In a post that went up on his blog over the weekend, Michael Anissimov sketched out what he considers a potentially serious problem in transhumanist thinking, and he credits this blog, and particularly an important essay by Professor Rubin, with spurring his thinking.
There is much in Mr. Anissimov’s post that we disagree with. There is also a heap of, shall we say, odd reasoning. (To pick just one example, he finds it “unacceptable” that the human body cannot withstand “rifle bullets without severe tissue damage.” But of course bullets hurt us; that is what they are designed to do.) But all in all, we’re happy to help set Mr. Anissimov on the right path, and it is encouraging to see him concede that there are valid criticisms of transhumanism and that there are problems in transhumanist thinking. Here’s hoping that more of his ideological comrades follow his lead.
Diseases are also designed to hurt us. Does it means we shouldn't cure them? 😐
The only problem I see with transhumanism is that its advocates are software/IT people who know little about biology.
I just read Rubin's paper. To be honest, I do not see the problem. I think Rubin's paper is a critique of transhumanism as a monolithic mass movement and we all know from 20th century history the dangers that come from such things. I understand and agree with his uneasiness. I have no desire to make transhumanism into a mass movement and I don't think most others do either (at least not the people I know personally). In any case, I don't see transhumanism turning into this kind of mass movement.
First, AI and uploading are a fantasy for the simple reason that even if the hardware is capable of this by 2040, the software will takes centuries more to be developed. I know one of the developers of the Mathematica scientific programming language (not Stephen Wolfram). He told me that the hardware would be there in about 50 years (this was 20 years ago) but that the software would take a thousand years. We won't see rogue AI's making people obsolete in the foreseeable future. The future is clearly biological. The main benefits we will see will be biological life extension (SENS and the like) and modest increases in cognitive ability (IQ's around 300) and physical strength (myostatin inhibitors). That's it. I don't expect to see anything other than this for the next century.
Secondly, different people have different values and goals. People will be attracted to and will associate with others who share their values and goals. This suggests that various kinds of transhumanism will be embraced by different people in different groups. With the increase in global mobility, more people will be free to seek out and form communities with others who share their values and aspirations. The future world will be a hodge-podge mixture of various kinds of transhumanist and non-transhumanist communities, really not much different than the world of today. The city-state will come back into vogue as continental nation-states break apart. This is what one of my business school professors called the "Thousand-state sovereignty model" of the future Earth. He was not transhumanist at all and had never even heard of it. However, it is easy to see how various flavors of trasnhumanism and traditionalism can work out well in such a diversified world. There will be transhumanist city-states and countries and one that are more traditional. I see no reason why they cannot peacefully co-exist and trade with each other and allow people to immigrate between them as they seek out whatever communities that are suited for their personal needs.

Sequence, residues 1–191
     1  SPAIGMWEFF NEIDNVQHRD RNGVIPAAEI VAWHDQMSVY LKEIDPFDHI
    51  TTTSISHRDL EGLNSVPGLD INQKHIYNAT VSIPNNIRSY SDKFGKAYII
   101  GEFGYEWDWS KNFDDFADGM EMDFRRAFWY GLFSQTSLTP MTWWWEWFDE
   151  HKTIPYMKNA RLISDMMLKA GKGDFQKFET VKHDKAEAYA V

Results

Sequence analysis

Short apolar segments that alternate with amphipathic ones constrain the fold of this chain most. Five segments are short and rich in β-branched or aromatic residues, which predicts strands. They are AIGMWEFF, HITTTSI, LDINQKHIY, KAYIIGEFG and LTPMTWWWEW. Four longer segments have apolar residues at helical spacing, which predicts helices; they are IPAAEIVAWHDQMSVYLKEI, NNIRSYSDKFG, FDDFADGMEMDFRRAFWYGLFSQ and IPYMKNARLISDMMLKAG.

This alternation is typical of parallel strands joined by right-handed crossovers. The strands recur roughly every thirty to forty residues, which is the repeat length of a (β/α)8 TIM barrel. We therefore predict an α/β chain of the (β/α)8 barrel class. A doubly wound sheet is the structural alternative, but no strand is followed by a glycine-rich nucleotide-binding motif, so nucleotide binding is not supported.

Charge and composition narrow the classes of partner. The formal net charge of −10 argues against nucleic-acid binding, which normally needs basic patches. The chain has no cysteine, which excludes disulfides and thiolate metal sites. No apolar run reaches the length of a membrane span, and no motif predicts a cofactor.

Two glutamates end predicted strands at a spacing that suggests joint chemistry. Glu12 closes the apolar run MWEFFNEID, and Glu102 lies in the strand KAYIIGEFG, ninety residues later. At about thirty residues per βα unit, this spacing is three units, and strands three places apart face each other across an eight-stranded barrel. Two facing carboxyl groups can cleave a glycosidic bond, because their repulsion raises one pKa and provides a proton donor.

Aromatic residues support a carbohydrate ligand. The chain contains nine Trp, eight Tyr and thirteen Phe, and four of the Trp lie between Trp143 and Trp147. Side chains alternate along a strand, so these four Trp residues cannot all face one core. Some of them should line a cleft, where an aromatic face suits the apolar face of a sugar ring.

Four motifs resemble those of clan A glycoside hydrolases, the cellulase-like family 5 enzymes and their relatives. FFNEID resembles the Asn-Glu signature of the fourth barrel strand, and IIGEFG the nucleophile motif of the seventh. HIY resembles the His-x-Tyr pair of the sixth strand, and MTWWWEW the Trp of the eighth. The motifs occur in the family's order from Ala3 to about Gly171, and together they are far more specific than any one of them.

The more radical trasnhumanists can always go out into space. If the AI/uploading stuff does become possible (which will most certainly not be before the 22nd century), those who want this can go out into space a do it. Its not like they would need a breathable atmosphere or the tropical climate of Costa Rica to live this kind of existence.
If you take space into account, there is more than enough "room" for everyone and every different group to go out and do their own thing. There is no need for a single common standard of anything to be applied to all humans and post-humans (or whatever else they are called).
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